Magnesium is a very important and highly underrated electrolyte. The body needs magnesium “for more than 300 biochemical reactions,” according to “Magnesium in diet” from the MedlinePlus Medical Encyclopedia. Furthermore, magnesium is necessary to maintain normal nerve and muscle function, making it important for patients with Charcot Marie Tooth disease. Magnesium also helps regulate the heartbeat, supports a healthy immune system, and helps bones remain strong.

Magnesium supplements exist, and you can get them in significant dosage. Although it’s very rare, it is possible to take in too much magnesium. The suggested daily amount of magnesium is between 400-500 mg. It’s easy to exceed this amount if you’re taking more than one, 250 mg magnesium supplement each day. Make sure to monitor your intake and to stay between the daily recommended amount. I suggest just getting magnesium from your diet, as it’s fairly easy to reach the daily amount with the proper foods.

Foods high in magnesium include:

  • Spinach
  • Avocado
  • Almonds
  • Pumpkin seeds

Spinach is a wonderful source of magnesium. I include spinach and avocados in my daily diet to help reach my potassium and magnesium goals.

 

Conclusion

No matter what diet we’re consuming, electrolytes are important to our body. During a keto diet, our kidneys excrete more sodium from the body than normal. Therefore, a person adhering to the keto diet needs to consume more sodium than normal. We also don’t retain as much water when consuming so little carbs, so we have less electrolytes in our body in general while in ketosis. This all means that we should monitor our electrolyte intake carefully while on the keto diet.

Charcot Marie Tooth is a neurodegenerative disease that causes muscle weakness, cramping, and wasting among many other symptoms. The effect that CMT has on our muscles means that electrolytes are extra important to patients with CMT. A sports drink isn’t going to cut it! Patients with CMT needs to monitor their electrolyte intake and be sure to get enough electrolytes in their diet each day.

2 thoughts on “Electrolytes Not Optional for Keto and Charcot Marie Tooth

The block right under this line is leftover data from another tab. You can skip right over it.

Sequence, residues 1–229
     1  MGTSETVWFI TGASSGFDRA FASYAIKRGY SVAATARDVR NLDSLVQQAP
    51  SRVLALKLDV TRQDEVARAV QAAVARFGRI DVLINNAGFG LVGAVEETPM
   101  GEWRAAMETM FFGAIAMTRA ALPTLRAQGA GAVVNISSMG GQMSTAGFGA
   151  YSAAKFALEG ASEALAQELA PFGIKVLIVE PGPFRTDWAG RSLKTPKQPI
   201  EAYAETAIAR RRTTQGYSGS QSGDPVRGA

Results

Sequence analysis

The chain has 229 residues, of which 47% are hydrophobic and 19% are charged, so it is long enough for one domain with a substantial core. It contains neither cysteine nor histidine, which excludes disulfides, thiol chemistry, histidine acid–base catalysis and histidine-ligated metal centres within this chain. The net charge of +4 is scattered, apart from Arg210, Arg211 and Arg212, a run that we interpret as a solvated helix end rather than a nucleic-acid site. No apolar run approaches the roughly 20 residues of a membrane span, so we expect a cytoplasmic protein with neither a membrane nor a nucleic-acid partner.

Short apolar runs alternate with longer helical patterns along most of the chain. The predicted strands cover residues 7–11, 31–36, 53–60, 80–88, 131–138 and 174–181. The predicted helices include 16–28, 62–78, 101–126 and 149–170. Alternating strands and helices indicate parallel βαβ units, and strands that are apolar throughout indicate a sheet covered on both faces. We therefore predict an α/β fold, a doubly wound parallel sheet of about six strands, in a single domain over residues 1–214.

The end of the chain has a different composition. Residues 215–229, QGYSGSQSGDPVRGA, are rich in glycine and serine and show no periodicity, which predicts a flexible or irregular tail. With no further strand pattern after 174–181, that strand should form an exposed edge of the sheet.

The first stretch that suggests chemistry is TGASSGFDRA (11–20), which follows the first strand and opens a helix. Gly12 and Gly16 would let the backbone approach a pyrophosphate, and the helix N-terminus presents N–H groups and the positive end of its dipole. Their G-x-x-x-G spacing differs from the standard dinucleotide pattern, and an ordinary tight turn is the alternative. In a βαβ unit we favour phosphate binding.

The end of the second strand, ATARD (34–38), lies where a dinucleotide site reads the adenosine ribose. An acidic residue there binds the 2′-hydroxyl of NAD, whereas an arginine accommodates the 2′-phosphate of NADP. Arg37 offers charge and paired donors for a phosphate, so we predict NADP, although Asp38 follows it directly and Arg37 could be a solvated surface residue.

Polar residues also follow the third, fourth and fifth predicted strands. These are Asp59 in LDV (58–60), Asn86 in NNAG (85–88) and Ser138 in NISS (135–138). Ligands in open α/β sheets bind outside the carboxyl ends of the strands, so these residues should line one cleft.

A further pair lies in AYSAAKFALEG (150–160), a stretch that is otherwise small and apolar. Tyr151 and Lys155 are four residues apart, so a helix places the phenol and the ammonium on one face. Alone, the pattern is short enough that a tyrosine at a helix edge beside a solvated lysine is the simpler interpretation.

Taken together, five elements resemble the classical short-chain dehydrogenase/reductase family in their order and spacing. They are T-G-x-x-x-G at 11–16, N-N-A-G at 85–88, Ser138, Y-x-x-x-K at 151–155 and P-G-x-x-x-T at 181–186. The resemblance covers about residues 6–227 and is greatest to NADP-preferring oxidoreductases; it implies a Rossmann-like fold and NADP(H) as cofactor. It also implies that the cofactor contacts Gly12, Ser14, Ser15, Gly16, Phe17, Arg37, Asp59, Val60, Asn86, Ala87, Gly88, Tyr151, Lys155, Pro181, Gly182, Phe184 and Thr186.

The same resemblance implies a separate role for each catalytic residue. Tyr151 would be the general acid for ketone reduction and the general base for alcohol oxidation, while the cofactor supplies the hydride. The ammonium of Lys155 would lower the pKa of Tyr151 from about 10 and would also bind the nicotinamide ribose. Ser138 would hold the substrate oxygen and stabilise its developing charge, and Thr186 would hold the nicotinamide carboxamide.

1. Hi Josh

    I want to thank you for sharing all of this important information, it is very valuable for me since there isn’t enough information about the impact of Keto the CMT patients.
    My name is Erez and im from Israel that unfortunately has CMT. 4 months ago ive started Keto after suffering most of my life from obesity. I’ve already dropped 16 Kgs. But in the last 3 months or so I’ve noticed major progression on my mobility, And its progression is very quick and walking couple of feet become very complex with major stability issues. in the beginning, i thought it was standard progress since in 48 years that doesn’t do any sport. But something in my head whispers its related to the Keto, last week ive started to take Calcium supplements and im going to monitor all the Electrolytes you mentioned in your blog. I really hope there is a way to mix Keto with CMT and I hope its reversible.

    do you know other CMT patients that on Keto and suffered from what I’m describing?

    Thanks.
    Erez

    1. Hi Erez,

      Thank you for the kind words. We continued the conversation on the CMT Keto Facebook Page, but I wanted my answer to be available here as well.

      From what we discussed, I do believe electrolytes are playing a part with your issues. I am not a doctor, but fatigue, muscle weakness, etc. on Keto are usually due to not getting enough electrolytes. I do suggest that anyone experiencing severe muscle weakness on Keto should speak with their primary doctor and possibly take a thorough blood test to make sure nutrient levels are balanced.

      Best regards,
      Josh